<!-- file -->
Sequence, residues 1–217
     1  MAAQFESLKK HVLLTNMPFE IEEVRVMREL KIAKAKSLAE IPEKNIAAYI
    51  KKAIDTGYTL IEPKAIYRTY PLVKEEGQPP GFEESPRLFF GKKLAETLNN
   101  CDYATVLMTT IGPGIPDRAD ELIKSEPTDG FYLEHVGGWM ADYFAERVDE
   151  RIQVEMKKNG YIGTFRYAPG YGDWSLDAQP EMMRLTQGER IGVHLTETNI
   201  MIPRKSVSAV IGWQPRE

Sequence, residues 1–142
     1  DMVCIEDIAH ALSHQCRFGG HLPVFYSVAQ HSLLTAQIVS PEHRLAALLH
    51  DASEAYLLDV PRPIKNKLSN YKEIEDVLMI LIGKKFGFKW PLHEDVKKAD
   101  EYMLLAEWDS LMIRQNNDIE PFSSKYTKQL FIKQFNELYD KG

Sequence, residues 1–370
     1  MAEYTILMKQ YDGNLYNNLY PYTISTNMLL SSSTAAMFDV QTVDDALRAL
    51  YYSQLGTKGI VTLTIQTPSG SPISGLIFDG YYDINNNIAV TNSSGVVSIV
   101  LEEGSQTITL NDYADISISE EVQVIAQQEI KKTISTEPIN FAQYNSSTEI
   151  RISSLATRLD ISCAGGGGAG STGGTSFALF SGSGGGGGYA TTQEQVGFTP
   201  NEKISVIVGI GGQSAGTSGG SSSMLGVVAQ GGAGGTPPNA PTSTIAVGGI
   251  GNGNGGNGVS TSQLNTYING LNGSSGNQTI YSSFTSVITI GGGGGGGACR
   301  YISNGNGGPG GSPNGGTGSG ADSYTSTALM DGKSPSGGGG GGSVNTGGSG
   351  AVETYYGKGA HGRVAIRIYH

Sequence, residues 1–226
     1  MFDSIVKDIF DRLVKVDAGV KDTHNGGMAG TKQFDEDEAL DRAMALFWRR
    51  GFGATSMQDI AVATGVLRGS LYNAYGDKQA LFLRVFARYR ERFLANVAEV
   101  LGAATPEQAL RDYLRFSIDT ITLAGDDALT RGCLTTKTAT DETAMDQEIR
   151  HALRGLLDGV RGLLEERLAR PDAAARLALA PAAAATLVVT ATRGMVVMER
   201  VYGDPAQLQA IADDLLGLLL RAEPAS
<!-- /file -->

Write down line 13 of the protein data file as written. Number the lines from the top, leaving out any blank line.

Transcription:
    51  YYSQLGTKGI VTLTIQTPSG SPISGLIFDG YYDINNNIAV TNSSGVVSIV